Technical Details about the Sherburne documents Letters of the Sherburne Family

Technical Information - Table of Contents


Notes on the Transcriptions: General Conventions

Spelling is retained as written. This is so even of the most obvious errors of inscription or slips of the pen. In cases where words are identifiable but constituent letters are ambiguous, we have sought to render the author's intended spelling as accurately as possible, as suggested by practice elsewhere in the letters.

Capitalization is retained as written. If in a particular instance the author's intent regarding uppercase/lowercase remains unclear after consideration of a letter's form, its relative size, and tendencies elsewhere in the letters, we resort to modern practice.

As a general rule, punctuation is retained as written. Terminal punctuation is never inserted where it is lacking in the manuscript; nor, in such cases, are sentence endings indicated by the inclusion of an additional space. Especially elaborate, idiosyncratic, or decorative usages of punctuation marks by particular writers, often in the context of dates and other numbers, may be modified or normalized to the keyboard. Dashes that might serve some purpose as punctuation are retained. Hyphens or other marks used for words broken between lines are omitted. Apostrophes replace alternative punctuation forms in contractions. Ampersands are used to indicate all symbols meaning "and".

Crossed out words or passages that remain legible have been indicated with strikethrough type, as have readable erasures; the corrected version follows. Illegible crossouts have been silently omitted.

Interlineated words or passages are silently incorporated into the text at the point indicated by the author (or, lacking this, at the point in an adjacent line that renders the text most coherent). Marginal text has been silently incorporated in a similar manner. Text added by the author to the margins of previously completed pages is included in the transcriptions at what appears to be its proper point in the narrative. Such blocks of text are identified by headings reading "{Additional text on Page 1}," etc.

Abbreviations and contractions are retained as written, and are never expanded.

Underlined words or passages are indicated with underscoring. Different underlining practices (i.e., single or double underlining; continuous or broken underlining) have been regularized to a continuous, single-line underscoring.

Missing words or word fragments are indicated by bracketed ellipsis points. Three bracketed points [. . .] are used: 1) for missing word fragments (with the brackets placed adjacent to the transcribed part of the word); 2) for missing individual words. Four bracketed points [. . . .] are used: 1) for missing sequences of words; 2) for missing sequences of words and word fragments. Missing words or phrases are never interpolated.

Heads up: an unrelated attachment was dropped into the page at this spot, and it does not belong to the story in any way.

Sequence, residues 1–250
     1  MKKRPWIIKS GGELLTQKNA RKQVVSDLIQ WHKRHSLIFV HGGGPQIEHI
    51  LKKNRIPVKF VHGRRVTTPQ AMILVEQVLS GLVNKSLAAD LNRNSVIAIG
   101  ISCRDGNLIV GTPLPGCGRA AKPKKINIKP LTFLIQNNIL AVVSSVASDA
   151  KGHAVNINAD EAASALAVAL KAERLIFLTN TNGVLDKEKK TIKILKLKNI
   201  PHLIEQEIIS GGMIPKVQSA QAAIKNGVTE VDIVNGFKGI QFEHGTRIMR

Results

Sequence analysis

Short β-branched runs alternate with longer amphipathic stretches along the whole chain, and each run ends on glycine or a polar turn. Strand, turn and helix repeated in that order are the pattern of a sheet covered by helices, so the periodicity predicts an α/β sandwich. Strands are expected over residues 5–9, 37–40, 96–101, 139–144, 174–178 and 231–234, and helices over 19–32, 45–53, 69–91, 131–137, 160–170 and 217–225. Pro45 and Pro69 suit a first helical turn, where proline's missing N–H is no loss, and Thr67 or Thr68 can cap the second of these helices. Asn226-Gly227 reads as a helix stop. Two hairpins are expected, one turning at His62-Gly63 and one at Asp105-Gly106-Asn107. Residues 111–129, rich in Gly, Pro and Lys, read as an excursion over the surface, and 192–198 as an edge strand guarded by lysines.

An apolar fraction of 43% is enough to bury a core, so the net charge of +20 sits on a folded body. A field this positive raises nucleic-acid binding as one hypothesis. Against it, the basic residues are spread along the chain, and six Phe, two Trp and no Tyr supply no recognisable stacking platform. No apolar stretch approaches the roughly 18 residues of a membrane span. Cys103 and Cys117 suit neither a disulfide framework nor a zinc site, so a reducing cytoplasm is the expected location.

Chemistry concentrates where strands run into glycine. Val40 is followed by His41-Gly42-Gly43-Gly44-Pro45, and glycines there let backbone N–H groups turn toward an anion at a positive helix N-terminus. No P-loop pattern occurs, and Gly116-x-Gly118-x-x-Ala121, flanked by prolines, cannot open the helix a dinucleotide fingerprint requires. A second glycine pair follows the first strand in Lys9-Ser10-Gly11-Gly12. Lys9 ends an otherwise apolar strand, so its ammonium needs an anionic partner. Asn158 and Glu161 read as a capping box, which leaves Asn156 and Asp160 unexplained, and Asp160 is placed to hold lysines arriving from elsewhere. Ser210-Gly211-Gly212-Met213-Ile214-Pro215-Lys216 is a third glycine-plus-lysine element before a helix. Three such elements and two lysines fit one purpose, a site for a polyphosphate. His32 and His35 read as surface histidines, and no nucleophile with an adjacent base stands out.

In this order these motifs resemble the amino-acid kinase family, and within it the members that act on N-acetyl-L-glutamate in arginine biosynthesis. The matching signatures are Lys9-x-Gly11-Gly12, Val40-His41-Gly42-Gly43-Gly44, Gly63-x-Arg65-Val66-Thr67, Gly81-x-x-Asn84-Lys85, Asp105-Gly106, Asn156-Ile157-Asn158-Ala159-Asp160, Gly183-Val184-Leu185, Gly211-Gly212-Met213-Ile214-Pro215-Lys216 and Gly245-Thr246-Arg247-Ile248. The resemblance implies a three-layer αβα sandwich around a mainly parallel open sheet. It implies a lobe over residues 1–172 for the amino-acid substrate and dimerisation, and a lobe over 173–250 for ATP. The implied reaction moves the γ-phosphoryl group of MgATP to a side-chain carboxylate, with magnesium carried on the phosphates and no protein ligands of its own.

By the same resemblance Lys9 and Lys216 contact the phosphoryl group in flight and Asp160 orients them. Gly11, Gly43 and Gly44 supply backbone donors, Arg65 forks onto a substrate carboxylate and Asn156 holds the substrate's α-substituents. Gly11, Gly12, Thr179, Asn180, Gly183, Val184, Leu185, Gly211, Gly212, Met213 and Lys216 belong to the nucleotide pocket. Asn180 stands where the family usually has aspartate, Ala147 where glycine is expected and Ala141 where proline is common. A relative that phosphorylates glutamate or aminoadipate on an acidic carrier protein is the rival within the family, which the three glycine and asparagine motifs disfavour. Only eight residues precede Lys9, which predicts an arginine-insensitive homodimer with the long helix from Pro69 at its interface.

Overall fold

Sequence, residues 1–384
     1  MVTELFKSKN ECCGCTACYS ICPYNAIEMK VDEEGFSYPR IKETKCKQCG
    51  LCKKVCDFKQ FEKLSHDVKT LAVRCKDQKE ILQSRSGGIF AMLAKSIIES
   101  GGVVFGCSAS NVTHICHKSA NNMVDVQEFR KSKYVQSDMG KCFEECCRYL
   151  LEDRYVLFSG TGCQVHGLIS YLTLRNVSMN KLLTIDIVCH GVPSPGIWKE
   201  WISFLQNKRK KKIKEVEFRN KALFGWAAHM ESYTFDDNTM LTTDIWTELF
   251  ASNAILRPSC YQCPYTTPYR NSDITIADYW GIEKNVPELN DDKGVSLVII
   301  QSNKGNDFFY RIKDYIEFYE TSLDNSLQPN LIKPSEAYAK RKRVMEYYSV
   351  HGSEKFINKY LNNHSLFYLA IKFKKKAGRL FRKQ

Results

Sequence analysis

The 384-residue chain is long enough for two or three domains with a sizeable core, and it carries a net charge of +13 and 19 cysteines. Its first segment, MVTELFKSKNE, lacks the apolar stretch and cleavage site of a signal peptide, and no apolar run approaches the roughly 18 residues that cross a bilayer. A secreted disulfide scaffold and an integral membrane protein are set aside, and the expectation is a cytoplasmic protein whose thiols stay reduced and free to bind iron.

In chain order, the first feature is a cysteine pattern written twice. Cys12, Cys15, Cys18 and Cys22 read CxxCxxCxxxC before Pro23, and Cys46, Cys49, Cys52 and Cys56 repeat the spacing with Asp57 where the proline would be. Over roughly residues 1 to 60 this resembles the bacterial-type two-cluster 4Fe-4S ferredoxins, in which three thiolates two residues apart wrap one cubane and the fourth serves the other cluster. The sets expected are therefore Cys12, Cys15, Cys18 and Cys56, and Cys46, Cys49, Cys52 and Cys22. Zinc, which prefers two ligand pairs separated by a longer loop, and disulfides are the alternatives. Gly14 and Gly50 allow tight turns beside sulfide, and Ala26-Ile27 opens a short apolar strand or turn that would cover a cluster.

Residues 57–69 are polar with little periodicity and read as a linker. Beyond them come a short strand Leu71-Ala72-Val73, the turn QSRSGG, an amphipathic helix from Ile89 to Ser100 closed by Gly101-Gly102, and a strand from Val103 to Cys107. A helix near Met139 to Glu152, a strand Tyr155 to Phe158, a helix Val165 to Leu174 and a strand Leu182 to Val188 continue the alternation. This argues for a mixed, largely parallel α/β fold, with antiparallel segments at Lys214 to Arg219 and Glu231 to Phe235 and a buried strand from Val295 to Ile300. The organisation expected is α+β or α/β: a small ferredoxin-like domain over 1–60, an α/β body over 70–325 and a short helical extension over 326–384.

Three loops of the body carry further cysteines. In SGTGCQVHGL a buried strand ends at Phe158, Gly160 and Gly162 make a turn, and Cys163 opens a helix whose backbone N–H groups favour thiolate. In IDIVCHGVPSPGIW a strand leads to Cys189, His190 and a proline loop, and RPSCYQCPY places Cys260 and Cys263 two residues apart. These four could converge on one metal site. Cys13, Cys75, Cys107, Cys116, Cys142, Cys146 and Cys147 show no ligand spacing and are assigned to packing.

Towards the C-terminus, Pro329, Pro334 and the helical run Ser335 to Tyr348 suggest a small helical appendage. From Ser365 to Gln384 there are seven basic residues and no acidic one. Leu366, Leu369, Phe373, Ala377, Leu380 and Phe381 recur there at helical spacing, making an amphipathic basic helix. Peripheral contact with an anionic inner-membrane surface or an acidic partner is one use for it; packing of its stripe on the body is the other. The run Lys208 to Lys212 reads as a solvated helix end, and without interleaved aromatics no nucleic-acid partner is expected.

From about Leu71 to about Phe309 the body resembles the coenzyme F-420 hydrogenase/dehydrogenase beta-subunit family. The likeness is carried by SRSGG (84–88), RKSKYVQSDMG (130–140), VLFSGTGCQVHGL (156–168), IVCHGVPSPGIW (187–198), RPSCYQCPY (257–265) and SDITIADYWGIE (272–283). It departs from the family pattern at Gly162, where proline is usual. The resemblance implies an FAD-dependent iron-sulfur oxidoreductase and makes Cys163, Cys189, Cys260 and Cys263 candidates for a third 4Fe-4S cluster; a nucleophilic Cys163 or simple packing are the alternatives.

Paragraph indentations are standardized to the customary five-character space. When an author has chosen not to indent the first line of a new paragraph, that format is respected. Long dashes or gaps within the text typically have been interpreted to indicate a new paragraph, and are so rendered.

Non-textual manuscript elements that are essentially decorative in function are not represented.

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Notes on the Transcriptions: Annotations

Editorial interventions, indicated by characters in square brackets, are used throughout the transcriptions as a means of annotation. Such interventions are used mostly with reference to proper nouns, especially the names of persons and places. Interventions whose purpose is limited to the correction of misspelled words take the form [sp. _____], with the intervention following the misspelling.

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Notes on the Transcriptions: Letters

The formats of the original letters are not duplicated in the transcriptions. Dates and places, salutations, closings, and postscripts are normally left-justified and separated from letter bodies — and from one another — by single spaces. However, if any of these elements are patently integrated into the body of the letter, they are so rendered in the transcription. Line breaks are retained primarily in opening and closing elements and in the bodies of letters following the ends of paragraphs. New paragraphs are either left-justified or uniformly indented, depending on practice in the manuscript. Line breaks are also observed in certain unusual instances within the bodies of letters; for example, the inclusion of verse.

Insofar as possible, the text of each transcribed letter is presented in the order in which it was originally written. Thus, text added by the author to the margins of previously completed pages is included in the transcriptions at what appears to be its proper point in the narrative. Such blocks of text are identified by headings reading "Additional text on Page 1," etc.

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Notes on the Images

To create the images used in this Web site, manuscript materials are originally scanned in full color at 150 DPI and saved as .JPG image files. These images are, as necessary, digitally manipulated a minimal amount to increase the contrast between the words and the page on which they are written, and thus increase the legibility of the text.

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Contact Information

Questions and comments regarding this Web page should be directed to Ray Mann.

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